Jack Rooke is bursting with excitement during his Attitude Award shoot. We’re celebrating the hit Channel 4 show Big Boys, which is also remarkably his first outing as a TV writer. “Attitude was one of the only gay magazines to get behind the show,” he says. You’re welcome, Jack.
Five years in the making, the coming-of-age sitcom Big Boys finally aired on Channel 4 in May this year. The series follows writer Jack Rooke’s namesake ‘Jack’ arriving for his first year at university, having delayed enrolment following the sudden loss of his dad the year before. The story echoes much of Rooke’s real-life experiences, having battled depression after his father Laurie passed away from cancer.
In Big Boys, closeted Jack (Derry Girls’ Dylan Llewellyn) meets straight lad’s lad Danny (Jon Pointing) when the pair are lumped in the same shabby shared accommodation outside of the main uni halls. Awkward sexcapades, poppers-fuelled late nights in the local gay club, and tear-inducing moments of tenderness ensue as the pair form a tight bond and provide an unexpected anchor for each other.
When it came to how their story translated on screen, it would have been understandable if Rooke, 29, had approached the air date with trepidation. “Everyone was trying to get me quite match-ready and be like, ‘Don’t look on Twitter, don’t look online.’ People are horrible, especially about comedy. People really like to say when they don’t find something funny or when they hate your subjective take on what is humorous.”
He needn’t have worried: viewers adored it and the critical reaction was overwhelmingly positive. “I was waiting for the dissent of people being like, ‘Fuck this show, what a load of gay crap.’ And then, there was no horrible tweet. It was the opposite,” Jack remembers of when the reviews — and praise — piled in. “Even Channel 4 were like, ‘This is the nicest, most positive response we’ve ever had to a comedy online.’”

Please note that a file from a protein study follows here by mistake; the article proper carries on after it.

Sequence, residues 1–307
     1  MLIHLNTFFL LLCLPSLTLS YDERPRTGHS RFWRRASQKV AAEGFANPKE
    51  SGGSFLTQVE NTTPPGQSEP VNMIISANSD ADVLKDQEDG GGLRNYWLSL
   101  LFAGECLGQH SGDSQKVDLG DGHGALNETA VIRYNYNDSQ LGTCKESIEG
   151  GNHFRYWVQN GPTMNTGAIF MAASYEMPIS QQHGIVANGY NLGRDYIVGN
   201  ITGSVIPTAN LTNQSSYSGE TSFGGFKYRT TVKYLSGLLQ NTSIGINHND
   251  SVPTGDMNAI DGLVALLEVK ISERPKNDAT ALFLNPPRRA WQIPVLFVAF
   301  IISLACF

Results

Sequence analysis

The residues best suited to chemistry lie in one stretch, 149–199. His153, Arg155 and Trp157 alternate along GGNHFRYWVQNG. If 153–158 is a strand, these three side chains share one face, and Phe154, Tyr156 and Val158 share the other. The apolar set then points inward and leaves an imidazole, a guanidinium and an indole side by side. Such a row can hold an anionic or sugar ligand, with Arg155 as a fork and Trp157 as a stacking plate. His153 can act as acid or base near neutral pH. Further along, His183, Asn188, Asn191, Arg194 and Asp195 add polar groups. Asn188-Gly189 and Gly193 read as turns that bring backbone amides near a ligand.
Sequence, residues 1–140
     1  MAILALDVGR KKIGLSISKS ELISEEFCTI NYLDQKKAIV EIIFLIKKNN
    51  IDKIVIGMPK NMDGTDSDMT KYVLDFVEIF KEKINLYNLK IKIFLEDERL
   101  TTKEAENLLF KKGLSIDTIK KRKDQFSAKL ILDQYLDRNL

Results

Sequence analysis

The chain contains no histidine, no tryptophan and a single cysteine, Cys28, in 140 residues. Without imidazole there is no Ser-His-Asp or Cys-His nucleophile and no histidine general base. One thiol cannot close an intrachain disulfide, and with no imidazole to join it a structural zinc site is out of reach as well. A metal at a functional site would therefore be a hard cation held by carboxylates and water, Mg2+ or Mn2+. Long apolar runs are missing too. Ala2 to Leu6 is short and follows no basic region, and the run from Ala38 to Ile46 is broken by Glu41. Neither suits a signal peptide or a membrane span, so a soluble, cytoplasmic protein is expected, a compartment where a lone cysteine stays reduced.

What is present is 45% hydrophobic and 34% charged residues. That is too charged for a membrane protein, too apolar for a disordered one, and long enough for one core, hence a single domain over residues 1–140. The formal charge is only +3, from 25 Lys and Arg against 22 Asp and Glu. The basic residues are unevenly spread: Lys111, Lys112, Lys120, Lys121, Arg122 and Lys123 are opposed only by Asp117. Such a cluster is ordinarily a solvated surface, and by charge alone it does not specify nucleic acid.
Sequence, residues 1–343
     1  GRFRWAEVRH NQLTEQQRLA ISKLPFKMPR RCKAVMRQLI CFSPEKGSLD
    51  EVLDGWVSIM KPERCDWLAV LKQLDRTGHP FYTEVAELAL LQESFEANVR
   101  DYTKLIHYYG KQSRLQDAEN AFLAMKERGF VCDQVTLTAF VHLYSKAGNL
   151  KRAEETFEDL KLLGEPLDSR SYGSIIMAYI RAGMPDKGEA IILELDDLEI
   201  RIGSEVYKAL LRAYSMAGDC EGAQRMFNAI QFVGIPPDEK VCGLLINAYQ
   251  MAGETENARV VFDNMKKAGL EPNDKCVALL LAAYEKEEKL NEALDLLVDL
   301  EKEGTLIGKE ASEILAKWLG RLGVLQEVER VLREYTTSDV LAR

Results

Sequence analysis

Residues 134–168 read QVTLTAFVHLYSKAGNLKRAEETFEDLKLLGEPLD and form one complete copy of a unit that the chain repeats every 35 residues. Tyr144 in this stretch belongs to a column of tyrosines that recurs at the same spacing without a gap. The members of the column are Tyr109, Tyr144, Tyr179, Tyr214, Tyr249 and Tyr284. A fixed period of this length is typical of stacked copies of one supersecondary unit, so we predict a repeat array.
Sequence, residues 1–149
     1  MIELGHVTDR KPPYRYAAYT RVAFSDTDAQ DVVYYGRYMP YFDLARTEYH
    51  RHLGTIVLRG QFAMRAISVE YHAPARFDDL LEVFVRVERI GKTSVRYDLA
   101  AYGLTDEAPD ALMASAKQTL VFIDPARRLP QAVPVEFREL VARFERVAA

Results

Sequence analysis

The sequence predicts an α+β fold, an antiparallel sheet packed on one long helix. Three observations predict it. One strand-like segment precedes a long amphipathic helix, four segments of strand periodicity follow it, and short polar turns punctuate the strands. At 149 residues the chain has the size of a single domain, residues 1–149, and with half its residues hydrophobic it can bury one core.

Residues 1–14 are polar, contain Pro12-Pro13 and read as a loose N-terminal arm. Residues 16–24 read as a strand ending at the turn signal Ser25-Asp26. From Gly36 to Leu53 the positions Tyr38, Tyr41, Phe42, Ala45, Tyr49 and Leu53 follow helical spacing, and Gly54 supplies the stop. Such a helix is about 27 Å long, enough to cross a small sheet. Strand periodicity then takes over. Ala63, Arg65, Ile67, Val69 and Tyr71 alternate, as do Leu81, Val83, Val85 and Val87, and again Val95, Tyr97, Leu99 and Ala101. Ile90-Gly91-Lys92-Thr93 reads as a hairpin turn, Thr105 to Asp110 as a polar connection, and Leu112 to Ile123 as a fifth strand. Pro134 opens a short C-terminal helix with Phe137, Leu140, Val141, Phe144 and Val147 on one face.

In a world that is quick to find fault in the smallest detail, it was a mild pearl-clutching moment for Rooke. “It was too nice, actually; I’m quite suspicious of it,” he says sardonically.
“I always think that the internet isn’t a very accurate barometer of how people actually feel, especially when it comes to LGBTQ+ issues. If you went on the internet, you would think that being queer is just the fucking most painful, contested, argued, culture wars-type thing,” he tells me as we sit down for our chat post-Attitude Awards shoot, which takes place in an unassuming (read: unglamorous) photo studio in a former office block.
“But actually, for the reality of most people — it is for me, certainly — it plays a very insignificant part of my everyday, if that makes sense. I’m not going around Sainsbury’s thinking, ‘Oh my God, I’m queer!’ I’m just getting on with my life. And I think most queer people are. And that’s why all those debates are so toxic because they prevent queer people from just being normal and having boring lives, which they deserve to have, if they want.”
Struggling with his sexuality has ranked low on Rooke’s list of life problems. “Being gay has not been the hardest thing I’ve gone through,” says Rooke. “For me, coming out was number nine on the list of traumatic, difficult things I’ve been through, like losing my dad or going through mental health issues, and what happened with my friend, who Danny is slightly based on.
“What I felt like with Big Boys is that the trauma is way more connected to bereavement and grief, which is a more unanimous experience. We’re all going to lose someone at some point. We’re all going to go through that. So, I didn’t really feel like there needed to be a traumatic gay storyline in the mix.”
Writing a story in which the straight boy is completely at ease with his new gay best mate was important to Rooke. “I think we need allies right now. We need more protectionism, and to cross those divides. I also think straight people, on the whole — most of the ones that I meet in my own little bubble — they love queer culture and they really want it to be celebrated. They want it to do well.”
Rooke’s career is rooted in a kind of comedy that focuses on the everyday, from the hedonistic highs of young adult life to the turbulent lows of growing up. Inspiration has come from his hometown of Watford and his matriarchal family — he wrote his first Edinburgh Fringe show Good Grief with his nan (“Which is me and her in her council flat sharing biscuits, and basically just bitching about people who pissed us off after Dad had died”). Not to mention the experiences of those closest to him, including the devastating fall-out of losing a friend who took their own life. Aside from his day job as a comedy writer, Rooke has dedicated the past 10 years to working as an ambassador for CALM, the charity that supports people impacted by suicidal feelings.